It’s been 15 years since the Punch-Out!! franchise first hit local arcades. Not many people knew of Punch-Out!! until it was brought onto the NES 3 years later in 1987 with Mike Tyson as the cover athlete and the final opponent. Then Super Punch-Out!! came out in 1994, giving the franchise slick 16-bit graphics, an updated roster of fighters, and a new look for Little Mac.
A new Punch-Out!! was released recently for a new generation of gamers on the Nintendo Wii. Will the game live up to its predecessors?
In Punch-Out, you play as boxing underdog, Little Mac. You once again need to fight your way through a number of boxers to become the W.V.B.A. champion of the world. Your opponents come from all over the world and are often satirical stereotypes such as the carpet-riding Indian ‘Great Tiger’, or the syrup-loving, bass fishing ‘Bear Hugger’. The characters have their own personalities and unique fighting styles that will certainly challenge players.
One concern I had with a Wii Punch-Out was the possibility of it being a watered down version in terms of difficulty as Nintendo has been known to make most of their games easily accessible to casual gamers. While casual gamers can certainly pick up and play Punch-Out, hardcore gamers should be relieved to know the brutal challenge is still there. The degree of difficulty in Punch-Out rises gradually with each match. After you complete all of the circuits, you are then required to defend your title against the same boxers you played before, with just a small modification to their fighting style and a raise in their difficulty.
Players can control the action three different ways: Wii Remote & Nunchuck, Wii Remote / Nunchuck & Wii Balance Board, and holding the Wii Remote sideways to mimic the more classic controls. I personally felt the best form of control was the Wii Remote sideways as the game requires you to be pinpoint accurate with your movements and I had difficulty moving my body in reaction to the game. Moving my thumbs allowed me to be more precise with my input commands than attempting.
Graphically, Punch-Out!! does a fantastic job with it’s original art style to show what the Wii is capable of. Adding wide-screen support also made my experience that much more enjoyable. Punch-Out!! also supports surround sound, so those of you who have it will be able to enjoy a rich experience by hearing crowd reactions behind you. The characters speak in their native languages, but it seemed a little strange to not include subtitles so we can understand what they’re saying. This is a minor complaint, but it really would have added to the experience as I was dying to know what kind of loser talk Glass Joe was babbling about between rounds.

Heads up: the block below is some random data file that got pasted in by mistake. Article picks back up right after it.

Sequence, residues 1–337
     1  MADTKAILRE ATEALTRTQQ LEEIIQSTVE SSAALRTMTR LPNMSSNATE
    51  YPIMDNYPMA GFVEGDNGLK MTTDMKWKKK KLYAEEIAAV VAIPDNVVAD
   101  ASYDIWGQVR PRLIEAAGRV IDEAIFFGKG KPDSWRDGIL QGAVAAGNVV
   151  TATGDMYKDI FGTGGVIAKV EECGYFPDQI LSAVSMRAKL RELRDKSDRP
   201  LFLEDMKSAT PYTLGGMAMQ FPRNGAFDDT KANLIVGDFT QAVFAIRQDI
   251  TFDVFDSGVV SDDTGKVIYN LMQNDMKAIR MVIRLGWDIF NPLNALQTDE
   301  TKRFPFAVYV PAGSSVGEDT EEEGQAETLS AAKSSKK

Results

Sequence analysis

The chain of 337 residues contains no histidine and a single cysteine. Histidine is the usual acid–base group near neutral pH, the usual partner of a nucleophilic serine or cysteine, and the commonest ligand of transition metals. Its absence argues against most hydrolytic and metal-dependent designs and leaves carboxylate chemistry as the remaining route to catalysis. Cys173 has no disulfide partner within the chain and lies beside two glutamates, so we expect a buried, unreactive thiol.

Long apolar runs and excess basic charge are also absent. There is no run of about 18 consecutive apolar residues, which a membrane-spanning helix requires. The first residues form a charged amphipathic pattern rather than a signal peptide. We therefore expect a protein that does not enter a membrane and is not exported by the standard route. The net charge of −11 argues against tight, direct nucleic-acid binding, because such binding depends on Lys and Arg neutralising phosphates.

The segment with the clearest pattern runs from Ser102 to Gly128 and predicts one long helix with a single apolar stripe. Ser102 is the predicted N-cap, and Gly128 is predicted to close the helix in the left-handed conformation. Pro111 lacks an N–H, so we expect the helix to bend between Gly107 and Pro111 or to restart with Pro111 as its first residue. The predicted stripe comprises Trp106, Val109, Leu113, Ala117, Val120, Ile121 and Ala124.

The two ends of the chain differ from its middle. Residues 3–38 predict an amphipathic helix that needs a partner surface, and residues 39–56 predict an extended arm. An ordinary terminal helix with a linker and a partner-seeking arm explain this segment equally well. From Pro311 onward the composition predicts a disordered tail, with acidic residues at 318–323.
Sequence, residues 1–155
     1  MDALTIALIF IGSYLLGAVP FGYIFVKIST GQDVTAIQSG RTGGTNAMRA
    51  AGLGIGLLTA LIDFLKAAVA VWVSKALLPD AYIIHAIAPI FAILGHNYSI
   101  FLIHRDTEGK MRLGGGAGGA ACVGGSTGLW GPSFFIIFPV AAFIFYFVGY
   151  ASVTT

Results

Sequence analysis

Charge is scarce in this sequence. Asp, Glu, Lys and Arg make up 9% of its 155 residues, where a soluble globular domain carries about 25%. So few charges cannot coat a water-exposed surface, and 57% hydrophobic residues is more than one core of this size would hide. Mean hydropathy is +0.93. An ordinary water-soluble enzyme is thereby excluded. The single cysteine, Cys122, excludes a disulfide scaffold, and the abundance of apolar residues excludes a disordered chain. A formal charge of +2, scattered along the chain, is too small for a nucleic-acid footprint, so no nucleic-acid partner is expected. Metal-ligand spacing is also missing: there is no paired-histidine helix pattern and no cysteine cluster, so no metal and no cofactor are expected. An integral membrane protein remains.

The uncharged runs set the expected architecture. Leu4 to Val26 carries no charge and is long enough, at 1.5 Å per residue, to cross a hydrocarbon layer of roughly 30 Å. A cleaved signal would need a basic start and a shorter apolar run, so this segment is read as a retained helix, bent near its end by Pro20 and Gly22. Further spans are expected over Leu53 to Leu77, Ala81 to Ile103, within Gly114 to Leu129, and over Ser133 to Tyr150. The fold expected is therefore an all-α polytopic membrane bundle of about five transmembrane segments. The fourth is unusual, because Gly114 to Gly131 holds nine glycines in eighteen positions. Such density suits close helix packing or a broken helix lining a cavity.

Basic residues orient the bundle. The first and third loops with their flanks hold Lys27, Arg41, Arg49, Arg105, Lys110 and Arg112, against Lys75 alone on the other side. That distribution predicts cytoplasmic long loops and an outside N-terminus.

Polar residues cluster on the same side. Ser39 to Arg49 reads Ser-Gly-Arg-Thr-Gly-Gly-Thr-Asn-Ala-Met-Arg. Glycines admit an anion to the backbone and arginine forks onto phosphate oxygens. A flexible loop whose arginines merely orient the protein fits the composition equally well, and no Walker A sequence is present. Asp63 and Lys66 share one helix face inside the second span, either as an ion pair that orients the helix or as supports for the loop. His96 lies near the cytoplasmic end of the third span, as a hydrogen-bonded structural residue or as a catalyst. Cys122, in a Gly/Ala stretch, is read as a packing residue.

One major update Punch-Out!! received was the inclusion of a multiplayer mode. Both players will control a different colored Little Mac on their own side of a split-screen. Players will inflict damage to one another in order to gain enough power to become ‘Giga Mac’. When one player becomes Giga Mac, the spit-screen is removed and the other Little Mac fends off the attacks of Giga Mac. This mode was actually very fun as there is a constant tug-of-war going on between the two players to see who becomes Giga Mac first.
My only gripe with Punch-Out!! are the number of boxers and circuits. Previous home versions of Punch-Out!! always had around the same number as Wii Punch-Out!!, but I think in 2009, we can advance the game past 12 characters within 3 boxing circuits. With the amount of characters that have graced both the NES Punch-Out!! and Super Punch-Out!!, you would think this version of Punch-Out!! would be the ultimate version. What the game lacks in enemies, it makes up for with the versions of those same enemies in title defense mode. Punch-Out!! also gives players the option of fighting in an exhibition mode which challenges players to defeat their opponent with specific rules to follow in order to unlock bonuses, such as voice tracks & music for the corresponding character.
FINAL THOUGHT: Punch-Out!! is another fine product from Nintendo that no one should miss. The game is both accessible to casual & hardcore gamers alike. The number of enemies are rather low, but it will still entertain players for hours with it’s challenging single-player and simple, yet addictive multiplayer mode.